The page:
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'The World's End' review: Sci-fi pub crawl

From left, Nick Frost as Andy, Eddie Marsan

From left, Nick Frost as Andy, Eddie Marsan as Peter, Simon Pegg as Gary, Paddy Considine as Steven, and Martin Freeman as Oliver in "The World's End." Credit: AP

Somewhere within the loud, loopy chaos of "The World's End" is a tender, sensitive comedy trying to get out. It's the story of five middle-age British men re-creating an unfinished pub crawl from their youth. What they don't know is that their little hometown of Newton Haven has since been infiltrated by humanoid robots.

You might be willing to roll with that premise initially, if only for the top-notch cast. Simon Pegg plays ringleader Gary King, an aging Goth still wearing his 1990 Sisters of Mercy shirt; Nick Frost is Andy Knightley, once a heavyweight drinker but now a teetotaler. Completing the crew, and ranging from good to marvelous, are Martin Freeman ("The Hobbit") as sensible Oliver, Paddy Considine (Britain's "Red Riding" miniseries) as nice-guy Steven and Eddie Marsan ("War Horse") as worrywart Peter. A charming Rosamund Pike ("An Education") plays Sam, the girl who got away -- from more than one of them.

"The World's End," written by Pegg and director Edgar Wright (who with Frost gave us "Shaun of the Dead" and "Hot Fuzz"), sparkles whenever we're simply having pints with this likable group. Their camaraderie and shared memories -- wild times, unhealed wounds -- feel very real. Had "The World's End" stuck with this warm tone, it could have become something akin to "Diner" or perhaps "Withnail and I," a comedy with poignant underpinnings. The cast really is that good.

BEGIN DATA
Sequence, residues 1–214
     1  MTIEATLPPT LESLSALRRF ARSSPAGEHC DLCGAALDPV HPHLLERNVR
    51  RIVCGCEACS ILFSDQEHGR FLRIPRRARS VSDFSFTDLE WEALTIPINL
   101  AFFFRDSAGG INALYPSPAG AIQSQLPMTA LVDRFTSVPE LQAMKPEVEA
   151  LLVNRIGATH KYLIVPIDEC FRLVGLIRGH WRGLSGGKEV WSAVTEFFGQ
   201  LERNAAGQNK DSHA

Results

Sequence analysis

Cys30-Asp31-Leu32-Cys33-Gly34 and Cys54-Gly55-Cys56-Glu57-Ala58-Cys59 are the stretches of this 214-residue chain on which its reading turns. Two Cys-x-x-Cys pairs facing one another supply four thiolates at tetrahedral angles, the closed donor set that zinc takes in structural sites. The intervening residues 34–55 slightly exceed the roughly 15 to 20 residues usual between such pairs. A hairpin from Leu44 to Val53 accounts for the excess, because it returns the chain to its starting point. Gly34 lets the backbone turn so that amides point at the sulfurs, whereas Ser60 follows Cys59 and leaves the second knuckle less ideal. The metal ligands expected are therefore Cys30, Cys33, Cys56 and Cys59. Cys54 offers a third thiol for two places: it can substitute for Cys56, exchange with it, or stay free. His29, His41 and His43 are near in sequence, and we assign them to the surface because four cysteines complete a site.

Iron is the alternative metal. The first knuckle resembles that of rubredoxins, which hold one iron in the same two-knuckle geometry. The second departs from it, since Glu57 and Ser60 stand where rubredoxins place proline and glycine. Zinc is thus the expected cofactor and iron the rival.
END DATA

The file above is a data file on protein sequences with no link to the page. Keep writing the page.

Instead, "The World's End" is a disparate genre mash-up, and one we've seen all too recently in frat action comedies like "The Watch," "This Is the End" and even 2011's "Paul," starring Pegg and Frost themselves. Wright knows how to keep the energy spinning, but he also doesn't know when to stop. The movie's silly robot scenes -- smashed heads, spurts of blue blood -- keep going long after they've lost their novelty.

"The World's End" cobbles together a theme, in which the robots represent an increasingly generic modern world, but it never quite jells. The wacky sci-fi angle seems intended as a fresh angle, but the old-fashioned story at the heart of this movie would have been enough.

PLOT Five middle-age friends attempt a youthful pub crawl but end up battling an army of space robots.

RATING (language, action-violence)

CAST Simon Pegg, Nick Frost, Martin Freeman, Rosamund Pike


BOTTOM LINE A British twist on the frat- comedy-action genre, but it's already been done by Rogen, McBride and the like. Too bad, because the cast is aces.

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